Nurse managers have a major influence on patient care and staff outcomes, as well as on the success of their healthcare organizations.1 Responsible for unit culture and expected to be transformational leaders, nurse managers influence staff to align with organizational goals.2 With RN shortages expected to reach 510,394 by 2030, healthcare organizations need to focus on developing strong nurse manager leadership to redesign recruitment, retention, and delivery of quality patient outcomes.3 As older nurse managers retire, it's crucial to consider what skills new nurse managers need in today's healthcare market.4
Although many nurse managers are chosen for their role based on their clinical expertise and experience, many are given little to no formal education and training as they assume leadership responsibility. Ramseur and colleagues reported that 56% of nursing leaders surveyed perceived that appropriate training and resources weren't available.5 Unclear expectations can lead to feelings of incompetence, disempowerment, and job dissatisfaction not only for nurse managers, but also for their staff members.1
Nurse manager orientation should provide a systemized approach to education and training and promote clarity of expectations and organizational consistency. The purpose of this pilot study was to evaluate the effectiveness of a system-wide new nurse manager orientation program. Goals of the program included increased nurse manager competency and improved feelings of empowerment.
New nurse managers may experience challenges prioritizing and managing the multiple tasks associated with their role. When a new nurse manager takes over a vacant role, he or she may only be given a brief handoff from the person serving as interim nurse manager; the new nurse manager may be left “floundering,” unsure of expectations and lacking the knowledge needed to meet organizational metrics, which can lead to job dissatisfaction.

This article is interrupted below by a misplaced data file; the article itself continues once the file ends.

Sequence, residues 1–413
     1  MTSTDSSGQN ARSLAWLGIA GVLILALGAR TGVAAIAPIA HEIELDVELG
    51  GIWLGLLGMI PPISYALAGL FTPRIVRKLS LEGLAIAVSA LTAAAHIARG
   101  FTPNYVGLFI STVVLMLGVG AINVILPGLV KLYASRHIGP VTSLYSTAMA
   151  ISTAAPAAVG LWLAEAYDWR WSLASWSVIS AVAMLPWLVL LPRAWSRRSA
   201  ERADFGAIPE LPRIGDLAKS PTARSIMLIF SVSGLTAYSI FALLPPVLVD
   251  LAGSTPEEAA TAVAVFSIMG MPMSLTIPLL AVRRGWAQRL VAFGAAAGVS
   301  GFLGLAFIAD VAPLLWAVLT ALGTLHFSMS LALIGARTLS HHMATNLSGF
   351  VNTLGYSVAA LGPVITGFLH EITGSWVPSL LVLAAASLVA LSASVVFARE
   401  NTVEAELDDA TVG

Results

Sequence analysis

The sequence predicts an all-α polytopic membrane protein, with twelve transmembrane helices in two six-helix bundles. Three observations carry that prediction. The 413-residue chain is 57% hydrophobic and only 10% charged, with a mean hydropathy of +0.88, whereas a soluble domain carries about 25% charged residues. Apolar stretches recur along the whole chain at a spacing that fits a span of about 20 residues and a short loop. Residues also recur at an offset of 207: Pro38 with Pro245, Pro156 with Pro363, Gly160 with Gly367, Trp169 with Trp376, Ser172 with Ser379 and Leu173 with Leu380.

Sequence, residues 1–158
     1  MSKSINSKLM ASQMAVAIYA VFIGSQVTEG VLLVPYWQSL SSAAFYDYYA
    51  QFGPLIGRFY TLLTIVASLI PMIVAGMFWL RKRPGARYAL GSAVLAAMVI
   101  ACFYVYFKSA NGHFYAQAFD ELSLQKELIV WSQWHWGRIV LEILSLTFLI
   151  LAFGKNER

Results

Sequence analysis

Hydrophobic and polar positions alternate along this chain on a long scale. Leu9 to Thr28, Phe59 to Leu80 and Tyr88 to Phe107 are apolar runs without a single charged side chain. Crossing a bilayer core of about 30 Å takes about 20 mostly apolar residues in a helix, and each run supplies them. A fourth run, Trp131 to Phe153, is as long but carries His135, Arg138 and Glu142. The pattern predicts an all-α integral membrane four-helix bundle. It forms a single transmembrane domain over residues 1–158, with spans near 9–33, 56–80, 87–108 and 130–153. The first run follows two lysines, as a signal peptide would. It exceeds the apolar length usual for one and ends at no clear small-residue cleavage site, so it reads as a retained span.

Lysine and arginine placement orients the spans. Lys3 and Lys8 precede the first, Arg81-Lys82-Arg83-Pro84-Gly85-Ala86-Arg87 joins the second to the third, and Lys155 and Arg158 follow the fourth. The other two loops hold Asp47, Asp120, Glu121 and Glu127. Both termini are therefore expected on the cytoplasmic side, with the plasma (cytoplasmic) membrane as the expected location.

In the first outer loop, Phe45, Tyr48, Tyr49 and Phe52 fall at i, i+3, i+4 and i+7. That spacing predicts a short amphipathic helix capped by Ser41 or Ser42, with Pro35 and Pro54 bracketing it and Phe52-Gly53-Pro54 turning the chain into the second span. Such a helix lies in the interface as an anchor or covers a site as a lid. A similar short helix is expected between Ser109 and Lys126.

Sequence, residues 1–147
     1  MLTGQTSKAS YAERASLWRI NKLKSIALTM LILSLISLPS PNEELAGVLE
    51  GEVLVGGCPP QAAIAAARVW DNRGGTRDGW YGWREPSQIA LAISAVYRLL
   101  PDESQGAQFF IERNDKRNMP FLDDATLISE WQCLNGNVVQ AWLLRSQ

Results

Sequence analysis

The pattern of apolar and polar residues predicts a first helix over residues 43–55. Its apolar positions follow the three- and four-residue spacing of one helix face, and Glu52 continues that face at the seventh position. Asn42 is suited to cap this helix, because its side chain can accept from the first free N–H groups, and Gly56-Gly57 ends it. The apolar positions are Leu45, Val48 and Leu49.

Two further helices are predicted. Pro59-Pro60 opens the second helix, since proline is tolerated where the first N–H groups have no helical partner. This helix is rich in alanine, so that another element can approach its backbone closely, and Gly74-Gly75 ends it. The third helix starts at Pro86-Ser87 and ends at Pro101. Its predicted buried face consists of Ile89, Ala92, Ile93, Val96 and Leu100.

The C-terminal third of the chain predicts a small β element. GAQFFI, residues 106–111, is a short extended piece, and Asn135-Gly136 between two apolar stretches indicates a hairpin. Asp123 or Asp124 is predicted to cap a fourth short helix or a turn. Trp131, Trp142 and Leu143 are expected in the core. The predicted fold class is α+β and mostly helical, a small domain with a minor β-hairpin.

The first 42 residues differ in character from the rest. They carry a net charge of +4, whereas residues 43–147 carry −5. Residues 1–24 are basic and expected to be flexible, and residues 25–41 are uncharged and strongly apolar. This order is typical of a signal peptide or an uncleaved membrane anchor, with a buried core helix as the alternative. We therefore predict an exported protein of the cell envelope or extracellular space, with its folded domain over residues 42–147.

High levels of stress are reported when nurse managers lack needed knowledge, and role stress is a main reason for nurse manager burnout and turnover.6 Role stress is attributed to the following factors: unknown expectations, insufficient training to meet expectations, work overload, conflict, and responsibility over other people. Although these factors always exist, a training program can help new nurse managers navigate these challenges successfully.7 According to one study, burnout was reported to be the top reason for nurse managers leaving their position.8
Healthcare organizations have reported barriers to implementing and sustaining nurse manager development programs.9 The programs that do exist aren't tailor-made for the individual and may incorporate inexperienced leaders as preceptors.10 Higher degrees, such as a master of science in nursing or a master of business administration, are recommended for those wanting to enter the nurse manager role; however, many new nurse managers don't pursue this type of degree until they assume their new role.11
Providing nurse managers with a systemized, well-developed orientation gives them adequate training and support during the transition into their new position.6 Studies focused on the value of nursing leadership development programs have shown that they provide education on necessary skills and competencies that managers didn't have before completing the courses offered.5,12 And managers who feel supported and engaged by their organizations are more likely to provide the same support to their staff.6
Nurse managers are high-impact stakeholders faced with the challenge of mastering new skills to manage in complex organizations during times of change.13 Not having a systemized orientation program for new nurse managers has direct effects on staff retention, patient satisfaction, quality outcomes, and succession planning.6,13,14 On the other hand, offering a manager training program may result in increased psychological empowerment in the workplace.
Psychological empowerment is defined as a motivational concept of self-efficacy involving a person's intrinsic beliefs about his or her capacity to be more effective, including meaning, impact, self-determination, and competence.15-17 When individuals feel psychologically empowered, they're more likely to take an active role in the workplace.16 Empowered people set more challenging goals and remain committed to achieving them even if the goals become more difficult. Efficacious people feel a strong commitment to these goals, whereas those lacking strong self-efficacy view challenges as threats.18